As for Alex, his departure should serve as an incentive to all left-sided players in Japan.

National coach Ivica Osim has adopted a policy of using J.League players for matches so far, rather than disrupting the lifestyle and body clocks of the players in Europe. This policy may change in 2007, of course, as Osim builds towards the Asian Cup in July, and he may bring some players back and integrate them into the new-look team.

I doubt if Alex will be one of them, though, as Osim knows everything there is to know about him. It also makes sense to leave Alex in Austria for the next few months, let him settle, and try and find a new left-sided player for the national team.

Komano is already there, but Osim may take a longer look at Honda from Grampus, Ienaga from Gamba, or even Soma from Reds. Soma is the readymade replacement for Alex at Urawa, but he needs games to rediscover the form that caught the eye at Verdy two or three years ago.

For Japanese looking for a new travel destination, Salzburg will be well worth the trip in 2007.


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Time to celebrate on two fronts

21 Dec 2006(Thu)

December 19, 2006: It is about time a defender won a top individual award.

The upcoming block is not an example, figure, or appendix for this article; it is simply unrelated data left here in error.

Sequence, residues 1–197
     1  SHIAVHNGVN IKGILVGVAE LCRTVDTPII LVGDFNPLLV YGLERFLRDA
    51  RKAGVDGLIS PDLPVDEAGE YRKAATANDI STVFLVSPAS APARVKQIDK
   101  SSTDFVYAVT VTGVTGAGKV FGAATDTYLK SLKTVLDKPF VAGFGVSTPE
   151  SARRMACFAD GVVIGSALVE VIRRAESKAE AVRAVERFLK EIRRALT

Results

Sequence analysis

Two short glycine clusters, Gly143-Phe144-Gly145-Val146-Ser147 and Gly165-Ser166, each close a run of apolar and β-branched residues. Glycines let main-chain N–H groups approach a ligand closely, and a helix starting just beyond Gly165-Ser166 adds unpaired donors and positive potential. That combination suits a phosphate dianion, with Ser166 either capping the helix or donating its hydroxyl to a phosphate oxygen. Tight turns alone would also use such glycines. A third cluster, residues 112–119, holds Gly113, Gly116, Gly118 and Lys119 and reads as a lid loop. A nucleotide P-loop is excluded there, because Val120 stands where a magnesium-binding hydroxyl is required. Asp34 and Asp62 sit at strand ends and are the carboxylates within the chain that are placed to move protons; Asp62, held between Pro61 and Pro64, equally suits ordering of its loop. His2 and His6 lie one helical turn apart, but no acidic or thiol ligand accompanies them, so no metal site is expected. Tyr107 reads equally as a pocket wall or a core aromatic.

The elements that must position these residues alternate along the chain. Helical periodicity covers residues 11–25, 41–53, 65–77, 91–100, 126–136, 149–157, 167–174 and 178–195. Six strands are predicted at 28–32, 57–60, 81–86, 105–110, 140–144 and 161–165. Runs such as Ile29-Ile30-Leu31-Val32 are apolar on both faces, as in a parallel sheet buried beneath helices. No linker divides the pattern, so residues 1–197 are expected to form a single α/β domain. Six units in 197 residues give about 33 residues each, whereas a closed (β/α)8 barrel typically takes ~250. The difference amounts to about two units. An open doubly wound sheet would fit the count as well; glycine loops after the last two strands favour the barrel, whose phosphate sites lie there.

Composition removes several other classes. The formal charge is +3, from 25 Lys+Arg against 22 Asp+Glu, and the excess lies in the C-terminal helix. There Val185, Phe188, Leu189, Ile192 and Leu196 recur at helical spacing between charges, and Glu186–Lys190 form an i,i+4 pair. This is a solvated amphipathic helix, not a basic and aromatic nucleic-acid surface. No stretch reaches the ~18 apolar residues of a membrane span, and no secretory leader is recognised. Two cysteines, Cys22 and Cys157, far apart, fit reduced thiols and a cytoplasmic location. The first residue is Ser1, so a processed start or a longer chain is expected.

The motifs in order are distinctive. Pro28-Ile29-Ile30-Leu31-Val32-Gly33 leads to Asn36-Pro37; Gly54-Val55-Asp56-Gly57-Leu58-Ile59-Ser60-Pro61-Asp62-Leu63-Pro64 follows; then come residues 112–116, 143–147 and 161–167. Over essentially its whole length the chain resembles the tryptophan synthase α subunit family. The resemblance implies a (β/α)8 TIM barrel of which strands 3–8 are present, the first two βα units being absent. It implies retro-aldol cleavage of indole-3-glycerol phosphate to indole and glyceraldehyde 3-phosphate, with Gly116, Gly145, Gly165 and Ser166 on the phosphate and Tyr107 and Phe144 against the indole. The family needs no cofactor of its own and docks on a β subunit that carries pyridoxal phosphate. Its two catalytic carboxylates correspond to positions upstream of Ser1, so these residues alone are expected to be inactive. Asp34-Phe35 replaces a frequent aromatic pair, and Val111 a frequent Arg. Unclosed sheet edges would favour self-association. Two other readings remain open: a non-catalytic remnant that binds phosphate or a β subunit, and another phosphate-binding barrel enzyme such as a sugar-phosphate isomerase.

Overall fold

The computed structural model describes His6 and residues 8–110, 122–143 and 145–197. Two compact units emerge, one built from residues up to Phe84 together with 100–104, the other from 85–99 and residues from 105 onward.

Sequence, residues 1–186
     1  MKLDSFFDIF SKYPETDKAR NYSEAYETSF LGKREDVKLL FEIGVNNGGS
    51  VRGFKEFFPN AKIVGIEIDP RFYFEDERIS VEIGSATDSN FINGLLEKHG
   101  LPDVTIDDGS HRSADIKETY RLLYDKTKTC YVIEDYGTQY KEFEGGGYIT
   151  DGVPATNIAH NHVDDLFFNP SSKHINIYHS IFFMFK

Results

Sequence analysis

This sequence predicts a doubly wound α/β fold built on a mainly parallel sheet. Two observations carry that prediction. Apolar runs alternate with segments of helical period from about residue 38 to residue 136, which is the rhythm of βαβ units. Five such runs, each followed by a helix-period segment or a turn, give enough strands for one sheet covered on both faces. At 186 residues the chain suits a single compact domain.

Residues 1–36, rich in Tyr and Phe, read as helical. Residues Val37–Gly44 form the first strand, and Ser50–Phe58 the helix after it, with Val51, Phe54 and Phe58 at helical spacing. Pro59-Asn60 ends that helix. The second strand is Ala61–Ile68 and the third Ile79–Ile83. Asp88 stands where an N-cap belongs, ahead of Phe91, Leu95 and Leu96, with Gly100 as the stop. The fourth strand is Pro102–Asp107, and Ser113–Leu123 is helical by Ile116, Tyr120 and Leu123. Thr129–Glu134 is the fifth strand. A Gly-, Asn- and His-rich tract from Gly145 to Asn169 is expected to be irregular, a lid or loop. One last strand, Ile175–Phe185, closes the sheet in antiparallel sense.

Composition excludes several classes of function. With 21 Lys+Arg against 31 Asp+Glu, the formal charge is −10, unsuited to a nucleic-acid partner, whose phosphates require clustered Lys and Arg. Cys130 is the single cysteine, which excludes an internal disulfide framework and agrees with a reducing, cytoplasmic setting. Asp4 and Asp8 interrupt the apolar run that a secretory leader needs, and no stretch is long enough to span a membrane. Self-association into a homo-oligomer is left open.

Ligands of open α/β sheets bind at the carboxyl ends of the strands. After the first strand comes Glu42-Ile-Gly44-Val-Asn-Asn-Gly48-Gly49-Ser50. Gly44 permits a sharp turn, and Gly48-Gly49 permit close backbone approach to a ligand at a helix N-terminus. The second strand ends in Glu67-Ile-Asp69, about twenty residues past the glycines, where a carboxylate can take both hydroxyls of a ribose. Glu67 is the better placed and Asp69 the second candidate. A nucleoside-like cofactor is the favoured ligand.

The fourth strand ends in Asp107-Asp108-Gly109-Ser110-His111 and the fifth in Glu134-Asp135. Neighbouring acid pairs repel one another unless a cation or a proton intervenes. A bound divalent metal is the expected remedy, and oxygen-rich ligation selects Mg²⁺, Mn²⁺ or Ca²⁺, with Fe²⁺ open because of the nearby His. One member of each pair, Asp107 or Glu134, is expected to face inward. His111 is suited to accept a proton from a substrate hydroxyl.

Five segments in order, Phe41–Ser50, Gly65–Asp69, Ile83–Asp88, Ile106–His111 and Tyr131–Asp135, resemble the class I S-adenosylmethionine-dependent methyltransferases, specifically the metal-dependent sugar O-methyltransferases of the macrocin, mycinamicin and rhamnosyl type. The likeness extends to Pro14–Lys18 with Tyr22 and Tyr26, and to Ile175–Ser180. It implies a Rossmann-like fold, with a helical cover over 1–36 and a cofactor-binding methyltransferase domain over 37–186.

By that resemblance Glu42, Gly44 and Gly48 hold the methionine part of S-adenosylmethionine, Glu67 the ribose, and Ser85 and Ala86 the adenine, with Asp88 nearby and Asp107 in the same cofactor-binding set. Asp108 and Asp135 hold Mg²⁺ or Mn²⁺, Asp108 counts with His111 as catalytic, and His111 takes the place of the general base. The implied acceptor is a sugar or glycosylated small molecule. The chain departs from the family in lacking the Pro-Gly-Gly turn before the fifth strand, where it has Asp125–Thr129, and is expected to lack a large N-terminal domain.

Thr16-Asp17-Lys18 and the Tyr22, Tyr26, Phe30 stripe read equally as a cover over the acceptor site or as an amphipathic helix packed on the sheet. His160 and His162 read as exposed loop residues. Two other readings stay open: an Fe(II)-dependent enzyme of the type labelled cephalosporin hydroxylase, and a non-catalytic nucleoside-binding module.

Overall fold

Too often these awards go to the forwards, to the flair players and goal scorers, and the valuable contributions of defenders go unrewarded.

Their job is not as glamorous as the role of the fantasistas, and they do not grab the headlines as much, but this does not mean they do not deserve equal recognition.

This is why I was delighted with the outcome of two awards this week: Fabio Cannavaro winning the FIFA World Player of the Year, and our own Tulio being named MVP of the J.League.

For me, both were natural and obvious choices.

In a World Cup dominated by defence, Cannavaro was simply outstanding for Italy. He is a player I have admired for several seasons, and one any manager in the world would want in his team. He is tough, inspirational, a natural leader, strong in the air and rugged on the ground.

Critics may say Cannavaro has not settled well at Real Madrid, but personally I don’t care too much about this. After all, 2006 was World Cup year, and whatever happened – or whatever did not happen – in Germany should dictate the whole year.

This is why Cannavaro was the logical choice, ahead of Zidane and Ronaldinho.

Is Cannavaro a better football player than Zidane or Ronaldinho? Of course he is not, but he is magnificent in his own position and was at his best when it really mattered.

And so to Tulio.

As I wrote in this column recently, he is the life and soul of any team in which he plays, and has been the symbol of Urawa Reds this season.

I will never forget an evening with Guido Buchwald at the Foreign Sportswriters Association of Japan shortly before the World Cup in Germany. Buchwald, the guest speaker, said Tulio was the best defender in Japan, but Zico had not spoken to the German coach about his Reds players for two years.